David attests to the fact that God is not just everywhere, but very close to us here on earth. “You know my sitting down and my rising up; You understand my thought afar off.” Psalm 139:2 NKJV We also find in Acts 17:28, “For in him we live, and move, and have our being…” KJV
God must dwell in heaven in a special way then as well. Perhaps it’s best to think of heaven as the most glorious manifestation of God’s presence.
Discussion Question: If God is spirit (John 4:24) and no structure or dwelling can contain Him (I Kings 8:27), then how can we envision Him in a real place called heaven?
Monday: Throne Room
Many verses in the Bible proclaim God as King. He is not only King of the universe, but let’s not forget He’s also “King of all the earth” (Psalm 47:7)
“The Lord hath prepared his throne in the heavens; and his kingdom ruleth over all.” Psalm 103:19 KJV
Solomon, King David’s son, built a “Hall of Judgment”, along with his personal residence, where he presided over the affairs of the kingdom. (I Kings 7)
Discussion Question: What kind of administrative tasks would you think might be conducted in the heavenly throne room before and after sin came into the universe?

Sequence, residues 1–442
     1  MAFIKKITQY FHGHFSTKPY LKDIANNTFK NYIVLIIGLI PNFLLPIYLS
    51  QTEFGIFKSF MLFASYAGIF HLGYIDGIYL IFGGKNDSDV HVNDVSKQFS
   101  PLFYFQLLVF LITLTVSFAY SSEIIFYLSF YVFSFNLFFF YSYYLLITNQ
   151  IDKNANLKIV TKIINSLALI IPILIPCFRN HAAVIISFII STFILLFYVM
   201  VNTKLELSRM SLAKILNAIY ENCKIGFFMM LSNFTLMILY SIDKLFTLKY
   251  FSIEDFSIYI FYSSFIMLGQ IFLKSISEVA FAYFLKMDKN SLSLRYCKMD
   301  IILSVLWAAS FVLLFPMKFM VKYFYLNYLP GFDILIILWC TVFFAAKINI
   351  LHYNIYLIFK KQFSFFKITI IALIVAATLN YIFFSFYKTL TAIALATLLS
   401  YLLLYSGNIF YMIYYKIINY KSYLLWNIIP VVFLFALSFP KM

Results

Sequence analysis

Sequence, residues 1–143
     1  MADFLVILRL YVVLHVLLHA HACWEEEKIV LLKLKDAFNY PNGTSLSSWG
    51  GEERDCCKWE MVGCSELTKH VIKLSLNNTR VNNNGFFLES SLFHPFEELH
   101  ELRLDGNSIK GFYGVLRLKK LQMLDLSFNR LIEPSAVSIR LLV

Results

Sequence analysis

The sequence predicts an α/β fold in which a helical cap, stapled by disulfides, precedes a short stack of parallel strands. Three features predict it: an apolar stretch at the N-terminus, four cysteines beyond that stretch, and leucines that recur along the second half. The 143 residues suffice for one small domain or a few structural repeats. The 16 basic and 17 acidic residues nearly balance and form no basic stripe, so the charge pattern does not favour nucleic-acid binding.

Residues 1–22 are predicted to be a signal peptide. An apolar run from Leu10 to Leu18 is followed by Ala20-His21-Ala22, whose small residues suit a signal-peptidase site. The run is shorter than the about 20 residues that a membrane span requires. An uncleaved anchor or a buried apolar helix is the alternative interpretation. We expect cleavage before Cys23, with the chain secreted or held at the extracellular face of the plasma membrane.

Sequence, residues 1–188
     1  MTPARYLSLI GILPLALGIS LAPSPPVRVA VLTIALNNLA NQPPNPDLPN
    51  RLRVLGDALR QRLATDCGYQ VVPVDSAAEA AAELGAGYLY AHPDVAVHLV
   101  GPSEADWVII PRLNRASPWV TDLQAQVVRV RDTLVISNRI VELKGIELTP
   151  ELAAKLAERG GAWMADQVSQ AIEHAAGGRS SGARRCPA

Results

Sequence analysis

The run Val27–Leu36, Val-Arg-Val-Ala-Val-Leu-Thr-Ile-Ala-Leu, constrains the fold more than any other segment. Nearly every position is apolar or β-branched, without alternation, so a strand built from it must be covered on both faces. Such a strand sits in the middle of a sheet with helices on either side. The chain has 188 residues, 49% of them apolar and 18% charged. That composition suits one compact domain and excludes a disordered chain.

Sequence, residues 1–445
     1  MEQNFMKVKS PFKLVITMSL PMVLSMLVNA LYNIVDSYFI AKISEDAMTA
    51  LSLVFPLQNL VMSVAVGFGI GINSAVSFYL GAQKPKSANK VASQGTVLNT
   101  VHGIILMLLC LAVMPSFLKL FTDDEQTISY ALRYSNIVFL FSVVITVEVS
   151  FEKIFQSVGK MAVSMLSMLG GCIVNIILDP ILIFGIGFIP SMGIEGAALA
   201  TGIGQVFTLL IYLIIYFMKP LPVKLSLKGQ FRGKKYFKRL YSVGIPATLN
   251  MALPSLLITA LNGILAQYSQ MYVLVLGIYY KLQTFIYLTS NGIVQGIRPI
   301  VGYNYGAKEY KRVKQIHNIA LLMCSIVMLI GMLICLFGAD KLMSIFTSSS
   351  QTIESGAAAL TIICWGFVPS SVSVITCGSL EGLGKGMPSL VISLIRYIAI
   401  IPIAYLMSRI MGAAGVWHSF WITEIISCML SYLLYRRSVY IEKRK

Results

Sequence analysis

Tuesday: Worship in Heaven
The visions in the throne room in Revelation 4 and 5 seems to point to a heavenly sanctuary setting. The door that was opened in heaven (Revelation 4:1) can also be translated “gate”. “Door” and “gate” are also used interchangeably in reference to the entrance of the earthly sanctuary. The stones mentioned in v. 3 (jasper, sardis, and emerald) were the stones on the breastplate of the earthly high priest. Seven lampstands remind us of the seven lampstands in Solomon’s temple. And the twenty-four elders may refer to the twenty-four divisions of service for the temple priests throughout the year.
All of these prophetic verses point back to the Old Testament worship service. In heaven, however, Jesus is not only the High Priest, but also the Sacrifice. How thrilling to think of the worship that must go on in that heavenly sanctuary above.
Discussion Question: In what way is the plan of salvation especially revealed in the worship service in God’s heavenly temple?
We tend to ignore courtrooms as much as possible in this life. Staying out of them is a goal to be desired. No one wants to “face the judge”. After all, courts are mostly set up to punish criminals, aren’t they?